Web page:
Etymology
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Words related to -ive

inchoative (adj.)

1630s, "indicating beginning or inception;" see inchoate + -ive. Especially in grammar, of verbs, "denoting the beginning of action, inceptive," 1660s.

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incitive (adj.)

"inciting, instigating," 1725; see incite + -ive. Other adjectives that have been used are incitative (c. 1500), incitatory (c. 1600), incitory (1941).

inducive (adj.)

"tending to induce," 1610s, from induce + -ive.

injunctive 

1620s, from Latin iniunct-, past participle stem of iniungere "impose; attach to" (see injunction) + -ive. As a term in grammar, from 1910.

innovative (adj.)

"tending to bring in something new; introducing or tending to introduce innovations; characterized by innovations," 1796 (with an isolated use from c. 1600); see innovate + -ive. Related: Innovatively; innovativeness.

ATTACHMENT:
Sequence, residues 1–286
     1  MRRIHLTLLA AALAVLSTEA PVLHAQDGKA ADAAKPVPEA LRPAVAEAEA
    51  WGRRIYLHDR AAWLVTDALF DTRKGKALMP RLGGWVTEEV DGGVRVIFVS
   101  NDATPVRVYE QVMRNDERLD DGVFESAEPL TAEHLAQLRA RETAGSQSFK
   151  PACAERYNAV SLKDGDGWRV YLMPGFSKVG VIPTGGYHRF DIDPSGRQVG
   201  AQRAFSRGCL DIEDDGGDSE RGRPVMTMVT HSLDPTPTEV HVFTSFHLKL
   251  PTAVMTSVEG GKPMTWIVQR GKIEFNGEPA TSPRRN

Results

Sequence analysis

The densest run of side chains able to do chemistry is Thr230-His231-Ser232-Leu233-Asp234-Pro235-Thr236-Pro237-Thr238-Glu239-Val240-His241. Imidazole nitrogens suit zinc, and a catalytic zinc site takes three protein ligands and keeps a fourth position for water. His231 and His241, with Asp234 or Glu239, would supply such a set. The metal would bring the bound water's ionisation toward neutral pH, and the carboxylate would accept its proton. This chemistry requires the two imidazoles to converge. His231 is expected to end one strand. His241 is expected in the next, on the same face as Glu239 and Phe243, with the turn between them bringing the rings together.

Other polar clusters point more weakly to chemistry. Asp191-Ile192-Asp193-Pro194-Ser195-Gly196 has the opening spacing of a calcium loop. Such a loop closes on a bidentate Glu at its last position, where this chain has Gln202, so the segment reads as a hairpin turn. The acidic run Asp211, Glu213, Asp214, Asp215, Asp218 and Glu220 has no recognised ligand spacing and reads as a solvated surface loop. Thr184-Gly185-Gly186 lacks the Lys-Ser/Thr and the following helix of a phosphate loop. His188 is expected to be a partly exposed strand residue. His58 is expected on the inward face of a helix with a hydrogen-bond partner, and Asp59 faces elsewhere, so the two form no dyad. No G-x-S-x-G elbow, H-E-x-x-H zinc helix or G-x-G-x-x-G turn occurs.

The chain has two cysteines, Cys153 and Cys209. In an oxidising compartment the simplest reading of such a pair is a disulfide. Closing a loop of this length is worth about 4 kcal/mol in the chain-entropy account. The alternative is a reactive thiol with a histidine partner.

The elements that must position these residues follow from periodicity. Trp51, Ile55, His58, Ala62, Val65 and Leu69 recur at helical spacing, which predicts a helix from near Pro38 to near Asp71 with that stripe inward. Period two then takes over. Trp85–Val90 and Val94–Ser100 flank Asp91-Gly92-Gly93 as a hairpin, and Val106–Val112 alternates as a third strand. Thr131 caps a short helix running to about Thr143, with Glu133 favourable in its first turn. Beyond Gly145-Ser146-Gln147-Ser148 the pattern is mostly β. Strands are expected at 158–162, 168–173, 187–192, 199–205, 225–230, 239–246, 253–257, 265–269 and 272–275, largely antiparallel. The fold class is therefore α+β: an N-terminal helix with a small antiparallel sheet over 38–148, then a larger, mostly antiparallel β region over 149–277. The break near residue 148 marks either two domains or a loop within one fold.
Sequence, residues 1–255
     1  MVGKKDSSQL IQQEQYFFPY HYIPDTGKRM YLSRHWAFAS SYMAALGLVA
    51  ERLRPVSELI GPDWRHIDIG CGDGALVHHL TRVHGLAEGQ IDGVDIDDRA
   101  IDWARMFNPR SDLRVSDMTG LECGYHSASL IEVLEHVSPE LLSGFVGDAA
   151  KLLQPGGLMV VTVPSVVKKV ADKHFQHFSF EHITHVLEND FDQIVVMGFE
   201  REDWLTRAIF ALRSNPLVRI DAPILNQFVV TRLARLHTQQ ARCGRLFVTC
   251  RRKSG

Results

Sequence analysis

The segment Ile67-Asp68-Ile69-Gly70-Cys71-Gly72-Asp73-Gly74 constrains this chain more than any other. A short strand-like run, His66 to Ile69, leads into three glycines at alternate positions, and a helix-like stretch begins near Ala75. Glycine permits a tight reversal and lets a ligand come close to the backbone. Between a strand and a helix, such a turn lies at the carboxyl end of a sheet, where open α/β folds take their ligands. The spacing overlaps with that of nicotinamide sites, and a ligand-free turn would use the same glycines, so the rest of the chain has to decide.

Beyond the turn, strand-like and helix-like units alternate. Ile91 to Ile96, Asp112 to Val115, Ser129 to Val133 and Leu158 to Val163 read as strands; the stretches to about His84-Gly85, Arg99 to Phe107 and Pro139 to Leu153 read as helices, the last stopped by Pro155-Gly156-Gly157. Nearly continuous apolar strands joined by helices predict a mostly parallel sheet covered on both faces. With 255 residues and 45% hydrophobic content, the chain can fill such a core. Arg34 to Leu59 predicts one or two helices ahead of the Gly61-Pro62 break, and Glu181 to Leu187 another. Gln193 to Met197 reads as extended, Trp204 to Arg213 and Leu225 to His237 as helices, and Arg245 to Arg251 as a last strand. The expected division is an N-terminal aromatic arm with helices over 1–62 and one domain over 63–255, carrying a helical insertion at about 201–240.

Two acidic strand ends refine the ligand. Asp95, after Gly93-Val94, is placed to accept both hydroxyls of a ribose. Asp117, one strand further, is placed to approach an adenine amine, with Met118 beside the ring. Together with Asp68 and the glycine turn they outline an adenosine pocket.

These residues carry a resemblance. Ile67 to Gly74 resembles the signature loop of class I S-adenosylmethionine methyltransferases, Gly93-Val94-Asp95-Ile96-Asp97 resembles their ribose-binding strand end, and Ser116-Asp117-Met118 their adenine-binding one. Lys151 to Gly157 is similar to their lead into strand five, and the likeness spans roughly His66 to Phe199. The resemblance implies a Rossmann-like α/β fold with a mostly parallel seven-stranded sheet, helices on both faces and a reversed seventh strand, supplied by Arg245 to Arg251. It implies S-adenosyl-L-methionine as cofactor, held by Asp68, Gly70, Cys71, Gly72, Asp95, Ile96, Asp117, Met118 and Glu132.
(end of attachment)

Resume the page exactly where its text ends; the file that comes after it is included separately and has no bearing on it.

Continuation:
instinctive (adj.)

1640s, from Latin instinct-, past participle stem of instinguere "to incite, impel" (see instinct) + -ive. Related: Instinctively (1610s); instinctiveness. Coleridge uses instinctivity.

instructive (adj.)

"serving to instruct or inform," 1610s, from instruct (v.) + -ive. An earlier adjective was instructing (1580s). Related: Instructively; instructiveness.

interpretive (adj.)

1670s, from interpret + -ive, perhaps on model of assertive or other like words, where the -t- belongs to the Latin stem. The preferred formation is interpretative. Listed by Fowler among the words "that for one reason or another should not have been brought into existence."

introspective (adj.)

"having the quality of looking within," 1820 (Southey), from Latin introspect-, past participle stem of introspicere "look into, look at" (see introspection) + -ive. Related: Introspectively; introspectiveness.

intrusive (adj.)

c. 1400, "usurping," from Latin intrus-, past participle stem of intrudere (see intrusion) + -ive. Meaning "coming unbidden" is from 1640s. Geological sense "thrust in out of regular place" is from 1826. Related: Intrusively; intrusiveness.

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